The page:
“Pull up your big girl panties,” she told me. Early on in my business, one of my advisors told me, “Diane, pull up your big girl panties and make some big girl decisions in your business.” Why did she say this? Because it could get me more clients, more success, and more money.
When we start our careers, we are really good at what we do. Based on the book The E-Myth by Michael Gerber, we go through three stages in our business:
The 3 stages of my business
When I got into my career, I wasn’t standing in the CEO role. I wasn't stepping into the Manager role. I was the Technician: I was good at my craft and I showed up, but I was making emotional decisions rather than business decisions.
How did that show up? Well, I felt the emotional urge to help everyone. I often got close to my coaching clients and, when they ran into trouble, I gave them extra support, even if they couldn’t pay.
If I was living the CEO role, I would have had business-focused rules around that. So, the phrase “put on your big girl panties” really applied to me. It pushed me to step into that bigger power role (the Manager or CEO), step into that business space and make those tough decisions.
In the early stages of my business, my actions and decision-making were not reflecting the CEO role. They were reflecting the Technician, the one who is passionate about what they do, is close to the work, the one whose heart bleeds for the client.
Have you ever done this? Have you ever thought like you're doing something truly amazing in your business that’s helping people, but you’re not really considering if it’s a good business decision?
Using Key Performance Indicators
To help you move from Technician to CEO, look at measurable Key Performance Indicators. What are your profits and losses on this product or service? Get ruthless and cut out things that just don't fit. Ask yourself three questions:
Are you working on the weekends when you don't want to? Are you working with clients that you don't want to? Are you doing different tasks or agreeing to different projects that you don't want to do?
Make decisions that serve your goals
Make decisions that serve you and your clients. Be sure that you’re making decisions as a person who is pulling up their big girl panties: making choices that serve your goals.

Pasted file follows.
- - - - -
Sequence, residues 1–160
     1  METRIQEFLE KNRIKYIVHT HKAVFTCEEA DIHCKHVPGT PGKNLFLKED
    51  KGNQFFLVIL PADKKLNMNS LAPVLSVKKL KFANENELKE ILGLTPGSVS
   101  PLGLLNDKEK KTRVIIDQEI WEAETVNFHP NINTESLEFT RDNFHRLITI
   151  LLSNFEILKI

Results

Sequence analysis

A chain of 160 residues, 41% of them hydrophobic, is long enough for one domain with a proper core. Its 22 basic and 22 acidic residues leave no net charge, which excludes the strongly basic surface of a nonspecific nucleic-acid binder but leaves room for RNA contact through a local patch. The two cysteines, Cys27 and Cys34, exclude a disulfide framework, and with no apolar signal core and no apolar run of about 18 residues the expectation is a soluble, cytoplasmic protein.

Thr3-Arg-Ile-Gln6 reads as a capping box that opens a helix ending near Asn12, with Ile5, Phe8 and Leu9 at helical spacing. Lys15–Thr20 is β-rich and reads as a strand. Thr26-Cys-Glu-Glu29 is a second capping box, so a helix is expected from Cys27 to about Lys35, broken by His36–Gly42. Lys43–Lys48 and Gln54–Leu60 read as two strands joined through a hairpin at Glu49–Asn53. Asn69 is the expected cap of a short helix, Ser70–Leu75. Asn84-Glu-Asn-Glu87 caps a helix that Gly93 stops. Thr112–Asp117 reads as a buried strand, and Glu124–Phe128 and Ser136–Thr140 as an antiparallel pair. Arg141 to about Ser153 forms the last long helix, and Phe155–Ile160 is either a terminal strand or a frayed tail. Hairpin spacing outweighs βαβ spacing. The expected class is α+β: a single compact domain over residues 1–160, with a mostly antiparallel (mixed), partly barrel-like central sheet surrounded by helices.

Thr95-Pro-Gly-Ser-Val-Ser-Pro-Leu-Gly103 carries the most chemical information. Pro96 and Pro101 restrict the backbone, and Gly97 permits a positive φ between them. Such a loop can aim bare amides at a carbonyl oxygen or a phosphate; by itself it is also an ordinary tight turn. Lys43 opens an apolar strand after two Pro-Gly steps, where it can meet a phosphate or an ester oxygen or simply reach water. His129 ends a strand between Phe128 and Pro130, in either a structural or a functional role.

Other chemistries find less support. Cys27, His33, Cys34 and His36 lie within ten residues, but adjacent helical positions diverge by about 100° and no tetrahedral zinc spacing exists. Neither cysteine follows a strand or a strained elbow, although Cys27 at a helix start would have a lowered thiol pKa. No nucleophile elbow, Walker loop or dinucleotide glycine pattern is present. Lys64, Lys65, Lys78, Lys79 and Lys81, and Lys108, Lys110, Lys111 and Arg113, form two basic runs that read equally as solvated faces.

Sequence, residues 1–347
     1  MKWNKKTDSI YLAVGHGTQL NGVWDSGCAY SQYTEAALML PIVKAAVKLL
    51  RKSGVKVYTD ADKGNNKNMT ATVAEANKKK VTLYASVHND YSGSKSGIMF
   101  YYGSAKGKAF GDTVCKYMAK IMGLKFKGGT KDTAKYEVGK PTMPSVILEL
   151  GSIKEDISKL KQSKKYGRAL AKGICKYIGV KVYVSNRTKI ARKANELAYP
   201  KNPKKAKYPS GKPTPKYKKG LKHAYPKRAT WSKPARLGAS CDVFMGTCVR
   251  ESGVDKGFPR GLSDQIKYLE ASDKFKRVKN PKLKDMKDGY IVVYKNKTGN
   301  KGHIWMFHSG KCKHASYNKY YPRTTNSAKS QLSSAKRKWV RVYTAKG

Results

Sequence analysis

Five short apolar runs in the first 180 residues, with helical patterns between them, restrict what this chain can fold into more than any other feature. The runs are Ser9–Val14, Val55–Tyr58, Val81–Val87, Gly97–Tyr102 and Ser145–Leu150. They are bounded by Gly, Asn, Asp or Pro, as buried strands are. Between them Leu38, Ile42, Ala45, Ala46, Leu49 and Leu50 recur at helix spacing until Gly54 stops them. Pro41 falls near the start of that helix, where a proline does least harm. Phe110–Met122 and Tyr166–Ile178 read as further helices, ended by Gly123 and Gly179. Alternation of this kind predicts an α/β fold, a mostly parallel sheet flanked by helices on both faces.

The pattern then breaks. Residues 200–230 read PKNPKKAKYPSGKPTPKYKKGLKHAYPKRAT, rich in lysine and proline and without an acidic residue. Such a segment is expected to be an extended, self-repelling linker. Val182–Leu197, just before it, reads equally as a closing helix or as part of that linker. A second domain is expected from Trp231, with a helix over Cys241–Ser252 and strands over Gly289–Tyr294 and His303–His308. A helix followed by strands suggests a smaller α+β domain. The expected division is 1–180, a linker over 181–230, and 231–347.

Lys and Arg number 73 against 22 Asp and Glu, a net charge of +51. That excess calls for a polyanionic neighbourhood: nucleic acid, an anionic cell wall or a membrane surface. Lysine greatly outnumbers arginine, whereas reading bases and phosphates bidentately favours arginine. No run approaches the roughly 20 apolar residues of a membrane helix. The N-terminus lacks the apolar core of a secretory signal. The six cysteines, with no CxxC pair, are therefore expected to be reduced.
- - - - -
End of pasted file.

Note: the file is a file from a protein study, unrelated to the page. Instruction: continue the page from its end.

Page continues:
We can easily get distracted by shiny objects and new opportunities. When you look at each shiny object through that CEO lens, and not as the Technician, you can better determine which opportunities to take. And then at that point, you can say, “You know what? Nah, I'm not going to do that. Because that's not serving my goals.”
Does this shiny object or opportunity meet your immediate goals? If not, pull up your big girl panties and say no. Sit in that CEO role.
I get that you have a big heart and want to work with everybody, so make a business decision that satisfies that need. Maybe you create a scholarship program or create some boundaries on giving. Perhaps you give away programs to a set number of deserving students, or you donate 10% of your profits to a foundation or charity. That is a strategic business decision, not an emotional decision. You’re setting boundaries.
I’ve set boundaries like these in my business. I have two sponsored spots in my business where, at any given time, I invite up to two people to work with me at a reduced rate that they can afford because, otherwise, they would never be able to work with me. It’s for people I have a desire to work with and who desire to work with me. Because this is a CEO decision. I am better able to coach them to a point where they can grow enough to move out of these sponsored spots and afford my full rate.
And if someone comes to me and asks if those two spots are filled, I won’t be tempted to offer more sponsored spots because I have made a business decision that there are only two places. This rule applies whether you are a solopreneur, a sole proprietor, or even if you're incorporated and you are the only one in your business.
Stop making emotional decisions now!
How many times do you need to pull up your big girl panties? Do you need to make these hard decisions? Where do you need to make them? Are they serving you? Are they not serving you?
To hear my business advisor tell me to pull up my big girl panties was like a slap in the face because I wasn't doing it! I was totally making emotional decisions. And it wasn't just hurting me and my business, it was also hurting my clients.
Next time you need to make a decision in any aspect of your life, I hope that you make ones that serve you, serve your goals, and serve your business or life decisions.
Until next time, stay dynamic!
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